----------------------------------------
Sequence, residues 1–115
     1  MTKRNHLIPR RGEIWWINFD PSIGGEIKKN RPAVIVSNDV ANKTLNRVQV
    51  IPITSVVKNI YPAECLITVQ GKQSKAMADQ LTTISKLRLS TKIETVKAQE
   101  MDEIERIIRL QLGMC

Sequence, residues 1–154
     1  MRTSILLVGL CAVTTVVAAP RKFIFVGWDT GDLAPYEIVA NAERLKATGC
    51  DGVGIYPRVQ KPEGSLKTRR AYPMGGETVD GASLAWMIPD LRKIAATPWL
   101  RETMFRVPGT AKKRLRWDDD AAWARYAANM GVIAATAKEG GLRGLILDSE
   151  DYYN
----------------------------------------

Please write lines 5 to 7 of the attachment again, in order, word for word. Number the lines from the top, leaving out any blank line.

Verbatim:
Sequence, residues 1–154
     1  MRTSILLVGL CAVTTVVAAP RKFIFVGWDT GDLAPYEIVA NAERLKATGC
    51  DGVGIYPRVQ KPEGSLKTRR AYPMGGETVD GASLAWMIPD LRKIAATPWL